As you may know, “staycations” are vacations spent at home or nearby.  Have you promoted your nearby bed and breakfast to locals in your community?  This is a great target market.  Best of all, you are a “local” promoting your business to other locals.

The Victoria, a bed and breakfast in Bentonville, Arksansas,  lists four great reasons for locals in their community to stay at their bed and breakfast:

  • Less planning is necessary (since you know your local community and you can even go back home if you forgot something important)
  • Much more affordable (plane rides and car rentals are not necessary)
  • Get to know everything your area has to offer (such as its museums, gardens, and other tourist attractions)
  • Vacation at a more relaxed pace (a great alternative to stressful, activity-filled vacations far away from home)

According to The Project: Time Off Coalition, more than half of American workers (55%) left vacation time unused in 2015. This adds up to 658 million unused vacation days! Ironically, their data also showed that employees who take 10 or fewer days of vacation time are less likely to have received a raise or bonus in the last three years than those who took 11 days or more.  

This is where owners and innkeepers of bed and breakfast inns can come in.  You could put together your own staycation package that could include tickets to local area attractions and gift certificates to local restaurants. 

The Bridgeton House in the New Hope area of Pennsylvania offers a “Savory Staycation Package” that includes:

  • A welcoming wine and cheese upon arrival
  • Afternoon tea featuring a wonderful selection of homemade sweets and savories each day of your stay
  • A multi-course made to order breakfast each day of your stay
  • Their fireside basket dinner for 2 inclusive of a bottle of wine (choice of red, white or sparkling cider)

You can promote your package in a number of effective ways:

  • On a web page that lists your specials and guest packages
  • In a blog post that discusses the benefits of staycations and details your package
  • Share the information in social media (including Facebook and Twitter)
  • Since you are attracting local area guests, how about putting a sign outside your inn announcing your staycation package?  This can attract those who pass by.
  • Partner with local business owners to promote your staycation package (such as local attractions and restaurants)
  • Share this information with your local tourism board and local press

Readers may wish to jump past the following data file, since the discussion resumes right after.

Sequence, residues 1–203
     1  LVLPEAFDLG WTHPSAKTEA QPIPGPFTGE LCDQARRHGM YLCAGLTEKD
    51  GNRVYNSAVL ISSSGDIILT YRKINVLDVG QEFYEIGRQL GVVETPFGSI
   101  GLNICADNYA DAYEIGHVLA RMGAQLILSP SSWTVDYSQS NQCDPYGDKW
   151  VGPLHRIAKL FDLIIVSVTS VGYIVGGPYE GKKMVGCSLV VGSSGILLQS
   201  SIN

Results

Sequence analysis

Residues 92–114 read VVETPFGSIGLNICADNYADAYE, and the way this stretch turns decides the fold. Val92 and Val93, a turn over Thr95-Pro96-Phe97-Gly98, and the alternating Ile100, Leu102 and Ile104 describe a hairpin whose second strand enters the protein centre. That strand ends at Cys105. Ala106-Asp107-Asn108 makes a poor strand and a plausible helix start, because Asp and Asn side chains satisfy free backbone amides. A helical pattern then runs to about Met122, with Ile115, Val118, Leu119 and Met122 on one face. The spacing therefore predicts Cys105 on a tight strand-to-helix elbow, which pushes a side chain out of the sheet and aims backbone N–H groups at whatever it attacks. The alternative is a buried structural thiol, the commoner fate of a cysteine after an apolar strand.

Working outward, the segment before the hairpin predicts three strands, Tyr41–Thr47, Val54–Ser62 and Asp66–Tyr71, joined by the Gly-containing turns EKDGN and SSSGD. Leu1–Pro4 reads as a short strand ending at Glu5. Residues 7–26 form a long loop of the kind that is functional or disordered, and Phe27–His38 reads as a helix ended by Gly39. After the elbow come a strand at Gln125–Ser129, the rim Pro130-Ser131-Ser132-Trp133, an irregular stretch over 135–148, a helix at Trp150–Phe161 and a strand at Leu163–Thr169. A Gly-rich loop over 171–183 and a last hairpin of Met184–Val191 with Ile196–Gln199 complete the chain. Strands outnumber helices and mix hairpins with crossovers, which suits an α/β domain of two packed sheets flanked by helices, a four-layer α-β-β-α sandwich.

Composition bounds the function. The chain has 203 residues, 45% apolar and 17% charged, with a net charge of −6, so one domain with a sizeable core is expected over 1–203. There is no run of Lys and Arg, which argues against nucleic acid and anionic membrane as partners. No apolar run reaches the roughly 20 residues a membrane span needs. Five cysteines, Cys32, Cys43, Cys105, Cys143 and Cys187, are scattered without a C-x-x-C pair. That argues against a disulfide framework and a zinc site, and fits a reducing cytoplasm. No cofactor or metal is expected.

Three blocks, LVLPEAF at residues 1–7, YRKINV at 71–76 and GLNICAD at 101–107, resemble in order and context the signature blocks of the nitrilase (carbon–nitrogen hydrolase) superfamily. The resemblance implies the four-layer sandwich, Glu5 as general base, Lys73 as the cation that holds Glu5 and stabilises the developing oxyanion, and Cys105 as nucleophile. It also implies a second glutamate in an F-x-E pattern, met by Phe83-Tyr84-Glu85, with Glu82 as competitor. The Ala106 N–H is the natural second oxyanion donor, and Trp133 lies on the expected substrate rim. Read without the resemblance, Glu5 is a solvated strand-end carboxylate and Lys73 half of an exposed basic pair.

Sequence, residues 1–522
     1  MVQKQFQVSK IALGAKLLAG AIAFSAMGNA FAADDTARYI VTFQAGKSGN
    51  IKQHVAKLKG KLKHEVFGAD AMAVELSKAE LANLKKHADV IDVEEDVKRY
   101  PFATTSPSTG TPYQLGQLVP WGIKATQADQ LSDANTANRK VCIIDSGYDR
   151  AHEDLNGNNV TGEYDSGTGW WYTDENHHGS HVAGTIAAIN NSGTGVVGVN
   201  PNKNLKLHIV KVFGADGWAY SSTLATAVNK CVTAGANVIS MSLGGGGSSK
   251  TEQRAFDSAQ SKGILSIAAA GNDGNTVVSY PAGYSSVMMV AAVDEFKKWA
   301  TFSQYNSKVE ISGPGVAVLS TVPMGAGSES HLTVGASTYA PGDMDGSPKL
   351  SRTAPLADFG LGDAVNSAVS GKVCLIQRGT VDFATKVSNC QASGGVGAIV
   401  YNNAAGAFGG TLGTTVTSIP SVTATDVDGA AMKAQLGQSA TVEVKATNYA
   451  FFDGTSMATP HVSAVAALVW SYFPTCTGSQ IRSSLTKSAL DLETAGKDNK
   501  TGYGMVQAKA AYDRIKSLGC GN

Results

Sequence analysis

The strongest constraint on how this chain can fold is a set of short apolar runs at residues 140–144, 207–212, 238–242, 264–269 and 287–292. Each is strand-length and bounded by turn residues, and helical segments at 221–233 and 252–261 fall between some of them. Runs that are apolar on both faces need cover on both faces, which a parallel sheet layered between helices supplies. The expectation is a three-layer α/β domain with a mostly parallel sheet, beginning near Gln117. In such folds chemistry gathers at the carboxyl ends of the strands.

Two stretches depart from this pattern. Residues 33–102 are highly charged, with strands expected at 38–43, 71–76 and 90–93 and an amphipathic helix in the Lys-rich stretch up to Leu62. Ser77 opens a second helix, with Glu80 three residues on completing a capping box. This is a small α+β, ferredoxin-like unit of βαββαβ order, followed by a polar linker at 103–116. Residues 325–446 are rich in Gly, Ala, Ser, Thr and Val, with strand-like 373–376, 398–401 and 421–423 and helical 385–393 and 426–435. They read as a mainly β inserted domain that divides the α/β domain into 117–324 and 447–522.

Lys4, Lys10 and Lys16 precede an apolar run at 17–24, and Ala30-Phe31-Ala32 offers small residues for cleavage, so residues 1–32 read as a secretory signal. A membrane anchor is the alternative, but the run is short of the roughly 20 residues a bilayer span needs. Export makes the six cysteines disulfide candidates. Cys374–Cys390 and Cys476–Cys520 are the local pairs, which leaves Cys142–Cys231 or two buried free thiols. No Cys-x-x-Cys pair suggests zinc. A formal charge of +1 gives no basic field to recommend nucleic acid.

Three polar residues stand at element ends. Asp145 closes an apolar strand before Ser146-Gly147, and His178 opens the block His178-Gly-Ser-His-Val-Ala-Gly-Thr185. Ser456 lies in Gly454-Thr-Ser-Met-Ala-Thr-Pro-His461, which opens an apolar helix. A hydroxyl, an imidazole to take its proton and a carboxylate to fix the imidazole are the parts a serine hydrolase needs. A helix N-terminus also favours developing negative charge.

• Volunteer at a local nonprofit or sponsor a local event in your community for word of mouth advertising

Since you know what your specific local area offers, you can customize your staycation package to fit your community.  It is becoming increasingly popular to “shop local” as well.

Image by Marcus Berg of Unique Angles Photography

The Four Doors Of Innkeeping

The Four Doors of Innkeeping is based on the book The Four Doors: A Guide to Joy, Freedom, and a Meaningful Life by #1 New York Times bestselling author Richard Paul Evans.  There are more than 17 million copies of his books in print worldwide, translated in more than 24 languages.

Door #1: Believe There’s a Reason You Were Born

Never underestimate the power of belief. Not only is there a reason you were born, but there is a reason that you are an innkeeper.  Just like teachers with their students, you will never know the amount of lives you touch for the better as you host and serve your bed and breakfast guests.  Remember that as you extend warm hospitality to each of them.  

Door #2: Free Yourself from Limitations

Most of our greatest learning experiences (and successes) come because of adversity (and failures). Everyone has problems.  It’s how we deal with them that matters. If you had to deal with (or are in the process of overcoming) zoning issues, renovation problems, or even a public relations nightmare, you can come out better on the other side.

Door #3: Magnify Your Life

Dreaming is the first step to making our lives greater.  Ask yourself, “What if…?” Be willing to take risks. We should use our talents and gifts to make more out of our lives.  This could mean that in addition to running a bed and breakfast inn, that you may add a restaurant, a gift shop, or even a spa.  

Door #4: Develop a Love-Centered Map

Love is the secret to joy.  The greatest source of happiness comes from giving and receiving love.  Love is what love does.  We develop love through service.  Love is both the destination and the journey.  As you appropriately love your guests, they will come become repeat visitors as well as spread by word of mouth (and hopefully online reviews) their enjoyable experience as your guests.

The author reminds us that we have a choice to live a more abundant life, a life of joy, freedom, and meaning.  We can improve our lives by opening these 4 doors. Feel free to comment below about how these 4 doors relate to you and your innkeeping experiences.

Affiliate Disclaimer: The link to the book is an affiliate link. If you click and make a purchase I will earn a commission from Amazon.  I only recommend what I know and love.